Results

At the time of analysis, the median follow-up was 4.9 years (range 1.3–13.3 years) from the end of RT. At the time of analysis, 276 patients were alive, 68 patients were alive with biochemical failure, 26 patients were dead of cancer and five patients were dead of other causes. Out of 203 patients who received elective postoperative radiation therapy, 42 patients (20.7 %) had biochemical failure at the time of analysis, with a median time to biochemical failure of 1.8 years; they all started hormones treatment. They developed bony metastases, and ten patients out of them died of prostate cancer. All of them had adverse prognostic factors at the initial pathological specimens (positive margins and extracapsular extension). Out of 104 patients who received salvage radiotherapy, 33 patients (31.7 %) had biochemical relapse; sixteen patients died of prostate cancer. See Table 2 for more details.
Table 2

Events occurring in the follow-up of 307 prostate cancer cases

Variable

PORT (n = 203)

SART (n = 104)

All (n = 307)

p*

Follow-up (years)

    

 Mean ± SD

3.3 ± 2.3

4.5 ± 2.5

3.7 ± 2.4

<0.001

 Range

1.3–13.3

1.6–11.3

1.3–13.3

 

Died

    

 N (%)

15 (7.4)

16 (15.4)

31 (10.1)

0.044

Biochemical relapse

    

 N (%)

42 (20.7)

33 (31.7)

75 (24.4)

0.036

Time to failure (years)

    

 Mean ± SD

1.8 ± 1.4

2.0 ± 2.1

1.9 ± 1.7

0.82

 Range

0.2–5.0

0.1–7.9

0.1–7.9

 

PORT postoperative RT, SART salvage RT

p* = p value from Chi square test or Mann–Whitney Test, as appropriate

Overall survival rates for the entire cohort were 69.8 % at the time of analysis.

At univariate analysis age, postoperative hormone therapy and PSA pre-RT resulted statistically significant (p = 0.01, p 0.02, p < 0.001, respectively, see Table 3). At multivariate Cox regression analysis with stepwise selection, only two parameters (age at diagnosis over 67 years and PSA pre-RT >1.0 ng/ml) emerged as independent death predictors (HR = 2.37, CI 1.13–4.96, p = 0.022 and HR = 3.51, CI 1.73–7.11, p < 0.001, respectively).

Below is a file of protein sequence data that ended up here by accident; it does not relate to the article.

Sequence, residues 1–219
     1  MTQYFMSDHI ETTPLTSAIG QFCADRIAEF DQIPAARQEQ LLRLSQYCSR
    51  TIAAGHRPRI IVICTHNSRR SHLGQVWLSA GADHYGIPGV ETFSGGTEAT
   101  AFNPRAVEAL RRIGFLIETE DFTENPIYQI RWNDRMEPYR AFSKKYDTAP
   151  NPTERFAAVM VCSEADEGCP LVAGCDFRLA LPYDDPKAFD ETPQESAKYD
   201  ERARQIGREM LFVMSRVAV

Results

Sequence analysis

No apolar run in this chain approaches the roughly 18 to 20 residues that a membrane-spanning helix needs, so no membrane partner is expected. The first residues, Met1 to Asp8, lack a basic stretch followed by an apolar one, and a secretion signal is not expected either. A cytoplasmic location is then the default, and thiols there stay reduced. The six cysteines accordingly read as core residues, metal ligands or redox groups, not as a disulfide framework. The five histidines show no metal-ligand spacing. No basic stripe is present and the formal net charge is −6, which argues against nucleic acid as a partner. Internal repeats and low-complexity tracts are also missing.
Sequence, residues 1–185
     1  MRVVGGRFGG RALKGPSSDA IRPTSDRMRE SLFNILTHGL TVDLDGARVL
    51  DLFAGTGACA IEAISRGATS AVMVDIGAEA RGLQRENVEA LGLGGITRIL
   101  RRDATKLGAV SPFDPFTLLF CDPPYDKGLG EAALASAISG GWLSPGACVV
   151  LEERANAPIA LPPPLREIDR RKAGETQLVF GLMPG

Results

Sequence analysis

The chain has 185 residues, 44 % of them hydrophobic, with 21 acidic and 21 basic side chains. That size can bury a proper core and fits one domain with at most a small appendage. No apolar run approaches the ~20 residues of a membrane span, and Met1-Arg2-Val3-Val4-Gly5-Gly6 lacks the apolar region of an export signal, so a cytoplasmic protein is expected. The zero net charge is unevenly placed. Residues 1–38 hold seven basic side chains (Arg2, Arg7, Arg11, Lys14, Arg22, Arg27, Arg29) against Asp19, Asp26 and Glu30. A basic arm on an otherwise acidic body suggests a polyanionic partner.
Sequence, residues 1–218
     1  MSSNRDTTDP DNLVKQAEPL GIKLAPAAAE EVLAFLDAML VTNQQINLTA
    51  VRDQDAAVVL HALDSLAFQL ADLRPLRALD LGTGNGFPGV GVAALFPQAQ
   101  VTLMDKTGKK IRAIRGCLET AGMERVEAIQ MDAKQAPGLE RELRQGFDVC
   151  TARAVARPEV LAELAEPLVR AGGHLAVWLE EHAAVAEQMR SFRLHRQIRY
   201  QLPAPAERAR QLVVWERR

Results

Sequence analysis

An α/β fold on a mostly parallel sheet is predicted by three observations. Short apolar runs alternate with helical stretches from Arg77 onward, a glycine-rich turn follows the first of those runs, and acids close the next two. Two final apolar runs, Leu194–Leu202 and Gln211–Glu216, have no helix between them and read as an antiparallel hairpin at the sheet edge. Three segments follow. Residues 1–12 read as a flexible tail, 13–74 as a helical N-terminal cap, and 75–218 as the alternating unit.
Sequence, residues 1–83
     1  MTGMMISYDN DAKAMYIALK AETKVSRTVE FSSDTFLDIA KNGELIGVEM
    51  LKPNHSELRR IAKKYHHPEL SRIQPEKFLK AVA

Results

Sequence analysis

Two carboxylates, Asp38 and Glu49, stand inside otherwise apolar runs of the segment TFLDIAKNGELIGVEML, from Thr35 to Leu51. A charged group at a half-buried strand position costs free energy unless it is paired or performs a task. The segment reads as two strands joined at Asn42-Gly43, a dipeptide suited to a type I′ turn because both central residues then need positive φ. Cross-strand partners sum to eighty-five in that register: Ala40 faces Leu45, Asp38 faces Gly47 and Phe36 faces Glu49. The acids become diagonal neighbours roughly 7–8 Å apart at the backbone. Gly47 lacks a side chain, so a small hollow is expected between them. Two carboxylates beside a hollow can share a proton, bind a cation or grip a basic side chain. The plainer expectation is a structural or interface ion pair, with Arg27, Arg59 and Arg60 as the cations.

Table 3

Overall survival of 307 prostate cancer cases according to selected individual characteristics: number of patients, number of deaths, survival (%), log rank test and HR and 95 % CI from univariate Cox regression models

Variable

No. of patients

Deaths

OS (%)

Log rank test

HR (95 % CI)*

Age at diagnosis

     

 ≤67 years

174

11

73.1

0.01

1

 >67 years

133

20

66.8

2.56 (1.22–5.35)

PSA at diagnosis (ng/ml)

     

 0–20

203

19

63.8

0.61

 

 21–40

79

8

85.8

 

 >40

25

4

81.3 ≈ 0

 

Postoperative stage

     

 pT2

45

4

77.8

0.70

 

 pT3–pT4

262

27

69.6

 

Gleason score

     

 ≤6

69

8

67.0

0.15

 

 7

103

6

71.6

 

 >7

135

17

79.7

 

Margin status

     

 Negative

182

19

74.8

0.11

 

 Positive

125

12

56.4

 

Postoperative PSA

     

 <0.2

191

15

54.8

0.17

 

 0.2–1.0

76

8

82.4

 

 >1.0

40

8

76.6

 

Preoperative hormones

     

 No

261

26

69.1

0.71

 

 Yes

46

5

78.9

 

Postoperative hormones

     

 No

250

20

73.8

0.02

1

 Yes

57

11

59.9

2.34 (1.12–4.90)

Pre-RT PSA

     

 <0.2

172

9

67.5

<0.001

1

 0.2–1.0

74

6

75.2

1.44 (0.51–4.04)

 >1.0

61

16

65.9

4.23 (1.87–9.57)

RT intent

     

 PORT

203

15

54.7

0.39

 

 SART

104

16

80.5

 

Radiation dose (Gy)

    

 ≤66

231

19

56.9

0.60

 

 >66

76

12

73.5

 

3D-CRT

     

 No

9

3

66.7

0.29

 

 Yes

298

28

68.1

 

* HR and 95 % CI from univariate regression model for parameters with significant log rank test at K–M survival

In the subgroup of patients treated with PORT, two parameters (age at diagnosis and PSA pre-RT) resulted to be significant at the survival analysis for OS (p = 0.003 and p = 0.046, respectively). At multivariate Cox regression analysis, only age at diagnosis emerged as independent death predictor (HR = 5.02, CI 1.58–15.93, p = 0.006).

In the SART group, three parameters (postoperative hormones therapy, conformal radiotherapy and level of PSA pre-RT >1.0 ng/ml) resulted to be significant at the survival analysis (p = 0.009, p = 0.039 and p = 0.002, respectively). At multivariate Cox regression analysis, only level of PSA pre-RT >1.0 ng/ml emerged as independent death predictor (HR = 6.64, CI 1.89–23.33, p = 0.003).

Disease-free survival rates for the entire cohort were 55.6 % at the time of analysis.

At univariate analysis PSA at initial diagnosis, Gleason score and PSA pre-RT resulted statistically significant (p = 0.01, p 0.009, p < 0.0001, respectively, see Table 4). At the multivariate Cox regression analysis for DFS, four parameters emerged as independent death predictors: level of PSA at diagnosis >40 ng/ml (p = 0.007; HR 2.36; 1.26–4.42), Gleason Score >7 (p = 0.0008; HR 2.22; 1.39–3.54), positive resection margins (p = 0.027; HR 1.72; 1.07–2.79) and level of PSA pre-RT >1.0 ng/ml (p > 0.0001; HR 3.35; 2.09–5.35).
Table 4